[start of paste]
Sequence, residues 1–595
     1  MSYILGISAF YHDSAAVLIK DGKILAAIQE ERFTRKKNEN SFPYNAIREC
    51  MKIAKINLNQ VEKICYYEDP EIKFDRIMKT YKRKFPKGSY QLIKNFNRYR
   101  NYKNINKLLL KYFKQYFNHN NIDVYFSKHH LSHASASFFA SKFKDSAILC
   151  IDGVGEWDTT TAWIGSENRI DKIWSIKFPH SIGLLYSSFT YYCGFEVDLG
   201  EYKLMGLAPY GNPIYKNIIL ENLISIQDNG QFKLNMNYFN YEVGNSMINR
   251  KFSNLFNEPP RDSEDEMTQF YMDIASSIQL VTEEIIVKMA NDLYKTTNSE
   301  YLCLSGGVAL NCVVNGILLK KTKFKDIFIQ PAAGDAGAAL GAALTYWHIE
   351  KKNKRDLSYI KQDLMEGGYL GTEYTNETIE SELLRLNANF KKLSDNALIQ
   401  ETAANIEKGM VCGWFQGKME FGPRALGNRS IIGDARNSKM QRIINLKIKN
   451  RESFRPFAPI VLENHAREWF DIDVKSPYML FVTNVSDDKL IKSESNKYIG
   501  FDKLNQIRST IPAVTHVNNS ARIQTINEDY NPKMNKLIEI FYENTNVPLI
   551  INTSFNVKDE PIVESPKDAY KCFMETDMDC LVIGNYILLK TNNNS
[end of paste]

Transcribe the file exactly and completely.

Sequence, residues 1–595
     1  MSYILGISAF YHDSAAVLIK DGKILAAIQE ERFTRKKNEN SFPYNAIREC
    51  MKIAKINLNQ VEKICYYEDP EIKFDRIMKT YKRKFPKGSY QLIKNFNRYR
   101  NYKNINKLLL KYFKQYFNHN NIDVYFSKHH LSHASASFFA SKFKDSAILC
   151  IDGVGEWDTT TAWIGSENRI DKIWSIKFPH SIGLLYSSFT YYCGFEVDLG
   201  EYKLMGLAPY GNPIYKNIIL ENLISIQDNG QFKLNMNYFN YEVGNSMINR
   251  KFSNLFNEPP RDSEDEMTQF YMDIASSIQL VTEEIIVKMA NDLYKTTNSE
   301  YLCLSGGVAL NCVVNGILLK KTKFKDIFIQ PAAGDAGAAL GAALTYWHIE
   351  KKNKRDLSYI KQDLMEGGYL GTEYTNETIE SELLRLNANF KKLSDNALIQ
   401  ETAANIEKGM VCGWFQGKME FGPRALGNRS IIGDARNSKM QRIINLKIKN
   451  RESFRPFAPI VLENHAREWF DIDVKSPYML FVTNVSDDKL IKSESNKYIG
   501  FDKLNQIRST IPAVTHVNNS ARIQTINEDY NPKMNKLIEI FYENTNVPLI
   551  INTSFNVKDE PIVESPKDAY KCFMETDMDC LVIGNYILLK TNNNS